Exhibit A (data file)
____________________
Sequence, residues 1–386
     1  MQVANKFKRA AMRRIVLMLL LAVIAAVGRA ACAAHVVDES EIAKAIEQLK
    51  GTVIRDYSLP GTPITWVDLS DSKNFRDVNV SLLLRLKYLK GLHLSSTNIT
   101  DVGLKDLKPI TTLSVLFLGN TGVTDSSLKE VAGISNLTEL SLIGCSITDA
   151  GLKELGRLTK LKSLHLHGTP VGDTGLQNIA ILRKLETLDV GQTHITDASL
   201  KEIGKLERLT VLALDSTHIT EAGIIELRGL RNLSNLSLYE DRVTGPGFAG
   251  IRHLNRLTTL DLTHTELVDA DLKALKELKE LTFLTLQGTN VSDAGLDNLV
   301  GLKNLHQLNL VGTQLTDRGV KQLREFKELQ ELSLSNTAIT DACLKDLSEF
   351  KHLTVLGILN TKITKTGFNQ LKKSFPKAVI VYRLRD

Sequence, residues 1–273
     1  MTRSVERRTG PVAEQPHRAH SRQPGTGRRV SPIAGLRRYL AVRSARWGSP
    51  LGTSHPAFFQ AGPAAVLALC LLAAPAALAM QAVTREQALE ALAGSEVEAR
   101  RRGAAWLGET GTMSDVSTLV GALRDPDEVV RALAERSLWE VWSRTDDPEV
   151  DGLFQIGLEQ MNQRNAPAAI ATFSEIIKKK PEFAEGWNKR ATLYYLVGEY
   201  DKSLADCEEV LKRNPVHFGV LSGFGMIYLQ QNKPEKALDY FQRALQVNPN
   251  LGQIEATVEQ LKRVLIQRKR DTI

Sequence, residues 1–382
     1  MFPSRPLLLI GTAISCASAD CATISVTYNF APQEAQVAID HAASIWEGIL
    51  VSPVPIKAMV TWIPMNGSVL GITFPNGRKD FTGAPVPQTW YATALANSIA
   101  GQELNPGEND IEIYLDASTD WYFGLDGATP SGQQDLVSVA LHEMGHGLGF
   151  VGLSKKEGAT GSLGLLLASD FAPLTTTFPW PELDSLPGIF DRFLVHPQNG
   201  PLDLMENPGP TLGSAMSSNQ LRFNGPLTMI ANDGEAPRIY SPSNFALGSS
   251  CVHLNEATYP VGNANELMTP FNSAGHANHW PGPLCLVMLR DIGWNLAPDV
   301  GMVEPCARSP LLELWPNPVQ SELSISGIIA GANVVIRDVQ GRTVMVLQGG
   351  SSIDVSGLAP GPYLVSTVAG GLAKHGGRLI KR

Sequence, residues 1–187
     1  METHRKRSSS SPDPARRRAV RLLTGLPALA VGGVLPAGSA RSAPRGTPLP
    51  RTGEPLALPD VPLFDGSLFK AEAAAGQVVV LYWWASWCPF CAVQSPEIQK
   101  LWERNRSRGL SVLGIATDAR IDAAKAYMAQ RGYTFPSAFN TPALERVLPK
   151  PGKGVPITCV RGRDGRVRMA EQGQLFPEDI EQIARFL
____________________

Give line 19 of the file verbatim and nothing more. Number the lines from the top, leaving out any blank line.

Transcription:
    51  VSPVPIKAMV TWIPMNGSVL GITFPNGRKD FTGAPVPQTW YATALANSIA